The history of Angkor Wat dates back to the kingdom of Funan. This kingdom was established by an Indian Brahmin, and in AD200, the country was peacefully settled by Indian traders. Four hundred years later, the kingdom had become a prosperous trading region. As the area was located on the Pilgrim rout between China and India, Hinduism and Chinese Buddhism was adopted by the new settlers. The Indian and Chinese influence can still be felt in Cambodia, and the temples of Angkor Wat closely resembles Hindu and Buddhist temples that can be found in Northern India and in Nepal. In the end of AD600, the Funan Empire lost much of its power to the kingdom of Chenla. The capital of this new empire, Sambor, was located about 40 miles to the Southeast of Angkor. During this time, beautiful sculptures and carvings in sand-stone was popular. In AD750, a king with a reputation of being a war-like person, who was able to expand the Chenla kingdom. However, trade with India stopped, and the Indonesian Empire raised to power.
In AD800, the kingdom of Kambuja was established, and king Jayavarman I took control over the kingdom. He built several capitals near Angkor Wat, were responsible for many social changes, and was able to size land to the North and to the East. In AD889, a nephew of Jayavaram became the new emperor, and he was able to bring peace and unity to the Khmer Kingdom. In AD944, Jayavarman V established many Mahayana Buddhist temples near Angkor, and moved the court to Yasodharapura, at Angkor. Cultures prospered, and so did the Khmer empire. In AD1000, Suryavarman, a young man who may have come from the Malayan provinces of the empire, ascends the throne of Kambuja. He would become the king of Kambuja for over 50 years. He is responsible for the planning and foundations of the city of Angkor. In AD1051, Udayadityavarman II succeed Suryavarman, and continued to build the city of Angkor, and restored many of the temples. Angkor was now both a sacred temple city and the center of a vast irrigation system.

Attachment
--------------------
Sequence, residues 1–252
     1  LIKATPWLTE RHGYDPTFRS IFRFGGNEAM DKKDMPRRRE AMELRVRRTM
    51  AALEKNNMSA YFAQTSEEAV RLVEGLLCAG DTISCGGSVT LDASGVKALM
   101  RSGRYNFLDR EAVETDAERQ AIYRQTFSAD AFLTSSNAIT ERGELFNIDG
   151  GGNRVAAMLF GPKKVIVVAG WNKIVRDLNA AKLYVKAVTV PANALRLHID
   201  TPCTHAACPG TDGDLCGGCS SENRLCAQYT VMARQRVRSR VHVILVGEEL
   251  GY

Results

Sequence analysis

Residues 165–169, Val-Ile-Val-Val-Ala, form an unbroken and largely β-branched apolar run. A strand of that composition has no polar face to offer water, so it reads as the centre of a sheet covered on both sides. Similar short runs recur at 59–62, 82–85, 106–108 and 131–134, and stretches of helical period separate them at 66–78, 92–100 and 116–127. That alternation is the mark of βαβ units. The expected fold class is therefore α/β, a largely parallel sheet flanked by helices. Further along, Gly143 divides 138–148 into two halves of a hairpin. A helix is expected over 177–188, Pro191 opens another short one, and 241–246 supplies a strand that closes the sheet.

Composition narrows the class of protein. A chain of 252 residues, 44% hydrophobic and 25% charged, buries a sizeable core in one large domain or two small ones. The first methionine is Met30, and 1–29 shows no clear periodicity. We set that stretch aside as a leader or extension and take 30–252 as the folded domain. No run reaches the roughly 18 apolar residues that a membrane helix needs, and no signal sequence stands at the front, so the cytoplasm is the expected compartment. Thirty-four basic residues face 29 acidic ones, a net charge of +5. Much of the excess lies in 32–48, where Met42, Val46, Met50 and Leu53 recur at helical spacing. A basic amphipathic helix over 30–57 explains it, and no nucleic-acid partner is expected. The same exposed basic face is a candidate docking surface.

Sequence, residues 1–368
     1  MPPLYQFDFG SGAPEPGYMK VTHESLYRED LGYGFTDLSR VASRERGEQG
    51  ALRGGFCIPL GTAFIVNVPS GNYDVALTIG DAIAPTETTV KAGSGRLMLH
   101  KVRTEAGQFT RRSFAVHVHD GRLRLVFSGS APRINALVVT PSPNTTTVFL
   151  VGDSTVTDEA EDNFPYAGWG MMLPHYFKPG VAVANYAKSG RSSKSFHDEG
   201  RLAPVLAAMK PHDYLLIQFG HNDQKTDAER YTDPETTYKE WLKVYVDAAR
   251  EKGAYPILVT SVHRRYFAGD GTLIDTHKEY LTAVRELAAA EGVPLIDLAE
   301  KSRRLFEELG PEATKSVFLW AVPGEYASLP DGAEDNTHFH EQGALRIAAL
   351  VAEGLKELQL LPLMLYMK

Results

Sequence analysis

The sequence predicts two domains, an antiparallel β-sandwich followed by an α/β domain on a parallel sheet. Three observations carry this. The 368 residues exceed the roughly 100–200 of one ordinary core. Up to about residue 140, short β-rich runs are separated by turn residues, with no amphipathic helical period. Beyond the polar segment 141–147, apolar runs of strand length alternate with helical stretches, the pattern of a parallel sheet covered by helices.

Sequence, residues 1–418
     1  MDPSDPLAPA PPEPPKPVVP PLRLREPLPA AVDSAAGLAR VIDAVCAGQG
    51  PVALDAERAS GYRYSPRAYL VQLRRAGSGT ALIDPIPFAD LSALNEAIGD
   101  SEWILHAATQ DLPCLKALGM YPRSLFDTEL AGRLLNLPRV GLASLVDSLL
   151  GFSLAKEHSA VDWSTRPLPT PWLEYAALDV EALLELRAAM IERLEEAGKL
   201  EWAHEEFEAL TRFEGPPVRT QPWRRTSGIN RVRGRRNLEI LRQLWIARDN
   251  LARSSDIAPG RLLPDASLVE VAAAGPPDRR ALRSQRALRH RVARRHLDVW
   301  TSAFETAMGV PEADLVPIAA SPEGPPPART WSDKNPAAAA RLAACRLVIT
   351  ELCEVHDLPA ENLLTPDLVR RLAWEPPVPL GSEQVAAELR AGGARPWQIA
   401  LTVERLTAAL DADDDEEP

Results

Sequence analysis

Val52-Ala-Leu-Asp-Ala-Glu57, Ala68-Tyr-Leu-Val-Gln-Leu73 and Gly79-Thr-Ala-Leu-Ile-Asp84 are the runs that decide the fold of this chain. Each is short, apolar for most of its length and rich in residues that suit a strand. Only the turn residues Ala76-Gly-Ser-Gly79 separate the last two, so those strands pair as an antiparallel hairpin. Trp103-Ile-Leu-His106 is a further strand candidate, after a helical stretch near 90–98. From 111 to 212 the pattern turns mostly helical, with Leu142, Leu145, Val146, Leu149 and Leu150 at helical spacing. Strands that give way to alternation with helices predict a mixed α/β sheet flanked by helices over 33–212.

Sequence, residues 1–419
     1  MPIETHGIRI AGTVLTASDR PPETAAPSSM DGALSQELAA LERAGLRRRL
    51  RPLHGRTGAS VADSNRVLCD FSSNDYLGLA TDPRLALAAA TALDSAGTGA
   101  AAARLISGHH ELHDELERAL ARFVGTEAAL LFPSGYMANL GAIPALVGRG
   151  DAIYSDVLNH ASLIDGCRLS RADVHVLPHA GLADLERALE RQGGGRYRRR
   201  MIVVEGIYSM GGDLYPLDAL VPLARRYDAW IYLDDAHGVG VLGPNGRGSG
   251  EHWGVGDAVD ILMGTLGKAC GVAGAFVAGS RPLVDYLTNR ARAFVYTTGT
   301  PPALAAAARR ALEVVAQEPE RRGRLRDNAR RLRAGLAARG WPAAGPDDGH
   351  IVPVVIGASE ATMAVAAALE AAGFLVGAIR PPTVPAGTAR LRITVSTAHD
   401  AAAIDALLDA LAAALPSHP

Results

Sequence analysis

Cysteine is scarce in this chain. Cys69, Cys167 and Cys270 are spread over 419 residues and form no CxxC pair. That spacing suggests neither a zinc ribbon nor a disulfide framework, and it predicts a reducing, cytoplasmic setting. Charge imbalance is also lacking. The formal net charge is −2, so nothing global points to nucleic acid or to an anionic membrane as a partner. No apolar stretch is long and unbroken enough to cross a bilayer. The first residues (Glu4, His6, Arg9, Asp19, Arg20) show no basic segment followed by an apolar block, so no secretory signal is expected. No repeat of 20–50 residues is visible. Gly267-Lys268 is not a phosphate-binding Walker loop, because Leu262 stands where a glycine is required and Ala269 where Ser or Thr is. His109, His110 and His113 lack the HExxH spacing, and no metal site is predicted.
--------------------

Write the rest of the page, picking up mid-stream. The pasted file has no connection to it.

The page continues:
Massive expansion of the city continued throughout the next 200 years, and ambitious building programs expanded the city. Many temples were built. The temples are spread out over about 40 miles around the village of Siem Reap. Temples and similar structures to the temples that can be found in the city of Angkor are common sights in Thailand, Laos, Vietnam and in China. Perhaps the most famous temple, Angkor Wat, is a temple dedicated to the Hindu god Vishnu was built during this period.